Sandy Snail-Eater

Reptiles of Ecuador | Serpentes | Colubridae | Sibon | Sibon dunni

English common names: Sandy Snail-Eater.

Spanish common names: Caracolera arenosa.

Recognition: ♂♂ 40.2 cm ♀♀ 23.9 cm. In its area of distribution, The Sandy Snail-Eater (Sibon dunni) is the only snake having the head much wider than the neck and a brownish dorsum lacking vertical bars. The Highland Snail-Eater (D. ellipsifera) also occurs in alongside S. dunni in some localities, but it has a pattern of vertical bars between which there is a more or less distinct narrow pale bar.

Natural history: Rare. Sibon dunni is a nocturnal snake that inhabits dry to humid highland shrublands and plantations.1 During the day, Sandy Snail-Eaters sleep coiled under rocks. Individuals of S. dunni are harmless to humans; they are extremely docile and never attempt to bite.1

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Conservation: Critically Endangered. We consider Sibon dunni to be in this category, instead of Data Deficient,2 following IUCN criteria3 because the species’ extent of occurrence is estimated to be less than 100 km2, it is known from only two localities, and its habitat is severely fragmented and declining in extent and quality due to conversion of native shrublands to crops and human settlements.

Distribution: Sibon dunni is endemic to the inter-Andean valleys of northern Ecuador along the headwaters of the Río Mira in Imbabura province.

Distribution of Sibon dunni in Ecuador

Etymology: The generic name Sibon is probably derived from the Latin word sibonis (a kind of “hunting spear”).4 It may refer to the shape of the head in this group of snakes. The specific epithet dunni honors American herpetologist Emmett Reid Dunn (1894–1956), in recognition of his contributions to expanding the knowledge on Neotropical reptiles and amphibians.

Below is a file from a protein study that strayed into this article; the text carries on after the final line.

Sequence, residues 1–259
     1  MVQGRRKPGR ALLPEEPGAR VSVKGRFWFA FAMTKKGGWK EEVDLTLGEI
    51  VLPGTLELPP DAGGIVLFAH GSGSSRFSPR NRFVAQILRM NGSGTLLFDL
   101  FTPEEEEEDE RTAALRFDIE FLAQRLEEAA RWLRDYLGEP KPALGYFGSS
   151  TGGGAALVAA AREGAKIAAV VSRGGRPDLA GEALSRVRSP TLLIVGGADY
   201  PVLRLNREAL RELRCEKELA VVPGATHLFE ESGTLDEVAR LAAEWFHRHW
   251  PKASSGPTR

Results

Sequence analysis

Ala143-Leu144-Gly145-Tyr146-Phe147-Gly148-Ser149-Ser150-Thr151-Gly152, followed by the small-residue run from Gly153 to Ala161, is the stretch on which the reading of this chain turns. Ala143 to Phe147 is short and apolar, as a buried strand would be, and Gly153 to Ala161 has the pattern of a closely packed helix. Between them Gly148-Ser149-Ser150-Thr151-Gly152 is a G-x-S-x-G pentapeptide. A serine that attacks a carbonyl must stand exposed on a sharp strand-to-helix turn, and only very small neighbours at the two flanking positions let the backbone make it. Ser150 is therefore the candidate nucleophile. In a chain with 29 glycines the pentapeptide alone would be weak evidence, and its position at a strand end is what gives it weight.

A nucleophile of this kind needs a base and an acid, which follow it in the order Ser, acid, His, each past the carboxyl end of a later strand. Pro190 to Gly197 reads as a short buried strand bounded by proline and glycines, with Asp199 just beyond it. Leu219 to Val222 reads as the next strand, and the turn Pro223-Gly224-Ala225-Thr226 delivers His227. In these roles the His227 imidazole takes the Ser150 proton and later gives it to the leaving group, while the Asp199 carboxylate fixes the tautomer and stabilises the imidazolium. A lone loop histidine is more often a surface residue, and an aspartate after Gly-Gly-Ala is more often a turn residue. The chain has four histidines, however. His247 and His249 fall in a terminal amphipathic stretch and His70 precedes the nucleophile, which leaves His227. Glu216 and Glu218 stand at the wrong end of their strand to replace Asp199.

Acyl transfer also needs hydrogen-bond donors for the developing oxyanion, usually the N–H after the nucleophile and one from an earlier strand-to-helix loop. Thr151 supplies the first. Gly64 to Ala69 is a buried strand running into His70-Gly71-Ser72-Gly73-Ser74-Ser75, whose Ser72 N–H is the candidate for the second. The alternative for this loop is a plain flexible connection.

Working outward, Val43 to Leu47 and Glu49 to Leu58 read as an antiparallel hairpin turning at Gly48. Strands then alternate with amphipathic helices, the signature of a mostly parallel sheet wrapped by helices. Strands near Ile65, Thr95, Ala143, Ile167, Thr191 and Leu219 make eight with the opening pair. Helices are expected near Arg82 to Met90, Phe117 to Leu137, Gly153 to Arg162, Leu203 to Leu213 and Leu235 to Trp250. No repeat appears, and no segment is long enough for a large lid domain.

See it in the wild: Sandy Snail-Eaters can be located with ~1–5% certainty by turning over rocks during the daytime in the vicinity of the town Pimampiro.


Are snail-eating snakes venomous? No, but some species have glands in the lower jaw which produce a mucous secretion that presumably causes paralysis and death of the molluscs they consume. This secretion also facilitates prey lubrication during ingestion.5

Do snails attract snakes? Yes. Snail-eating snakes follow snails visually or by tracking their scent trail.6

Do snail-eating snakes eat the shell of the snails? They don't. These snakes use specialized muscular contractions of their wedge-like head to extract snails from their shells.6

Author: Alejandro ArteagaaAffiliation: Khamai Foundation, Quito, Ecuador.

Photographer: Alejandro ArteagaaAffiliation: Tropical Herping (TH), Quito, Ecuador.

How to cite? Arteaga A (2020) Sibon dunni. In: Arteaga A, Bustamante L, Vieira J (Eds) Reptiles of Ecuador: Life in the middle of the world. Available from:

Literature cited:

  1. Field notes, Reptiles of Ecuador book project.
  2. Cisneros-Heredia DF (2016) Sibon dunni. The IUCN Red List of threatened species. Available from:
  3. IUCN (2001) IUCN Red List categories and criteria: Version 3.1. IUCN Species Survival Commission, Gland and Cambridge, 30 pp.
  4. Lee JC (1996) The amphibians and reptiles of the Yucatán Peninsula. Comstock Publishing Associates, Ithaca, 500 pp.
  5. De Oliveira L, Jared C, da Costa Prudente AL, Zaher H, Antoniazzi MM (2008) Oral glands in dipsadine “goo-eater” snakes: morphology and histochemistry of the infralabial glands in Atractus reticulatus, Dipsas indica, and Sibynomorphus mikanii. Toxicon 51: 898–913.
  6. Sheehy C (2012) Phylogenetic relationships and feeding behavior of Neotropical snail-eating snakes (Dipsadinae, Dipsadini). PhD Thesis, UT Arlington.